The Fruits of Labor in ‘Dior and I’

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Following the controversial departure of John Galliano from French fashion powerhouse Christian Dior in 2011, all eyes turned to the brand in great anticipation for who would replace him.

In his 13 years as creative director, Galliano’s name became practically synonymous with Dior — his lavish designs and opulent theatricality became hallmarks, and each runway show propelled Dior through the ranks to become a modern icon of a brand.

In 2012, it was announced that Belgian designer Raf Simons was chosen to take over the brand as creative director. Simons had previously been director at German minimalist brand Jil Sander and has his own line, which specializes in menswear. Simons’ appointment at Dior came as a great surprise to many, as his work at Jil Sander had been highly subdued in comparison to Galliano’s penchant for the excess.

This is where “Dior and I” begins: the introduction of Simons to the Dior atelier team, and the announcement that he has only eight weeks to create his first haute couture collection for the brand.

“I’ve only done ready-to-wear before,” Simons muses nervously while the team of mostly women titters and assures him in French that they are here to help.

The world of haute couture, which employs constructing meticulously designed, custom-fitted clothing completely by hand, is one completely new to Simons. “He’s used to cutting and pasting and sewing, he doesn’t know the techniques we use,” noted one of the seamstresses to the camera, as she is bent over a piece of fabric, hand stitching.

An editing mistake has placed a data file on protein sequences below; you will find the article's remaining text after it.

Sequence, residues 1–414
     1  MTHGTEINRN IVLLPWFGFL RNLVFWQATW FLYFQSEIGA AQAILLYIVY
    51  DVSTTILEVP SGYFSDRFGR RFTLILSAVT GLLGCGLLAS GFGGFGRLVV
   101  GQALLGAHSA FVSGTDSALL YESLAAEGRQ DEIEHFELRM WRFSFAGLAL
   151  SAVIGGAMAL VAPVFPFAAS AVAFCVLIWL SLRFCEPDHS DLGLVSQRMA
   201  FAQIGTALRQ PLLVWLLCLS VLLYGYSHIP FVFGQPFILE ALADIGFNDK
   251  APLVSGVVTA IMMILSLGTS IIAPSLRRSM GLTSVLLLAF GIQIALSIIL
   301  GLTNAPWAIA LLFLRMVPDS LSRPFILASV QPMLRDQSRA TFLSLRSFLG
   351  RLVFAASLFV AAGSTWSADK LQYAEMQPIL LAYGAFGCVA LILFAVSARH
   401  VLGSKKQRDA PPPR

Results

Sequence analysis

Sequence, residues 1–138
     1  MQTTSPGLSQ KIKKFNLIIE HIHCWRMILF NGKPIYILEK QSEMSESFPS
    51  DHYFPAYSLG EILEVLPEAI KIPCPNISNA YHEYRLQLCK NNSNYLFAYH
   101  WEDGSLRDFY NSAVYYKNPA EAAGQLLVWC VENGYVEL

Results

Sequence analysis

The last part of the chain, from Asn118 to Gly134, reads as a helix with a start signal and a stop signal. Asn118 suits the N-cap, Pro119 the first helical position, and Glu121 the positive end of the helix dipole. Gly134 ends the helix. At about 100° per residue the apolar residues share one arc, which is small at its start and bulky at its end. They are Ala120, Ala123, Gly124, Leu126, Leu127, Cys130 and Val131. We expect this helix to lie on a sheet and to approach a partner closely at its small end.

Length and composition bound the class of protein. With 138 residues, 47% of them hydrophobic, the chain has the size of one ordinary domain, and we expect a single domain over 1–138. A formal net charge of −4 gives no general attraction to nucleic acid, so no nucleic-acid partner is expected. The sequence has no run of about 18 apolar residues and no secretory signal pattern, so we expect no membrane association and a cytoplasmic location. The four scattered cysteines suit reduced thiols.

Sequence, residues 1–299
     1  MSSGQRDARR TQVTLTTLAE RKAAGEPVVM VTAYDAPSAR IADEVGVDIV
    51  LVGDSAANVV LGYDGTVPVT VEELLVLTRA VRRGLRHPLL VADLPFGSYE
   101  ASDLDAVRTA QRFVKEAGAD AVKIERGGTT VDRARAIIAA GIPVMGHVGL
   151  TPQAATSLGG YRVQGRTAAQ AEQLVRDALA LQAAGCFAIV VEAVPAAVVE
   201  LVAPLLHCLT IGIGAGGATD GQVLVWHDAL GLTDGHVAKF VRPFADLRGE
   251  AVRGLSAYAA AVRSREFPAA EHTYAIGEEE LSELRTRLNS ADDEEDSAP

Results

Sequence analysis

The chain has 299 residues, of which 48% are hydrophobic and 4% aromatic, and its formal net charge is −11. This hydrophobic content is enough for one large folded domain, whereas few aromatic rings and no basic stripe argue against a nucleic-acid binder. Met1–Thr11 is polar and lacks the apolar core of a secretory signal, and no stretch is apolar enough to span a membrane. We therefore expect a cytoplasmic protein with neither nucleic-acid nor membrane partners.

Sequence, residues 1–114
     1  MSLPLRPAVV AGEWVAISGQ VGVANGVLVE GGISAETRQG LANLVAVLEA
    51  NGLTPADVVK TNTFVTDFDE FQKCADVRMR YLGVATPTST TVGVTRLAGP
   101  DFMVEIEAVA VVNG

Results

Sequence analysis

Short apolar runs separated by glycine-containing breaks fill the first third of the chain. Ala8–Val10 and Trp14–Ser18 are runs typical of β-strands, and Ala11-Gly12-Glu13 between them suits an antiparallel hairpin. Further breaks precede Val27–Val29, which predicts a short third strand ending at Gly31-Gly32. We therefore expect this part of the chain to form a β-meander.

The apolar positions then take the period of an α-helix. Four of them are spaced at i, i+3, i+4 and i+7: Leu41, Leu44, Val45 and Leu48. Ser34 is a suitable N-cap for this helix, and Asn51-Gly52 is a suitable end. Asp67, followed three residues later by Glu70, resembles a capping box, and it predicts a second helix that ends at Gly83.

The highly engaging documentary follows nearly all aspects of the planning process leading up to the big runway finale, with the quiet Simons at the core of it all.

The seamstresses and tailors work like bees in the atelier, giggling and joking to pass the time as they all bead or cut or hem or stitch, exclaiming in exasperation as their new leader makes more and more difficult requests, but ultimately remaining grateful and entirely in love with their positions within the brand.

Even the mild-mannered Simons has his fits of frustration, playing the card of I’m-the-leader-now when none of the designs arrive on time to be previewed, and making his distaste for publicity very clear when he is asked to answer interview questions and insisting that after the models walk out for the show, the will do only a quick walk through the runway instead of lavishing in audience applause.

Frédéric Tcheng’s documentary is certain to appeal to fashion lovers, but beyond that, it is a film about passion, the intense love for a craft and the crushing burden that comes with helming a legacy. Interspersed between the scenes of Simons and the Dior team is archival footage of Christian Dior himself and readings from his memoir. “His spirit haunts our workroom,” the atelier team joke in the film over and over again.

Simons grapples throughout the film with balancing the look Dior has been known for with what he wants for the brand, in addition to starting a whole new era of modernity without losing any of the tradition. And after 90 minutes of watching the process, the results for his first couture show are nothing short of breathtaking.

It’s hard not to get emotional along with Simons who tears up in triumph and relief on the day of the show, the runway venue transformed into a Versailles completely wallpapered by flowers and the models resplendent in the designs that were borne of two months of painstaking skill, stress and love.

Though it has been nearly three years since Simons’ appointment to the brand, “Dior and I” details his arrival and establishment in a way that doesn’t shy away from conflict or the ugly parts that develop inevitably in such an environment. And all of that only makes the accomplishment that much sweeter.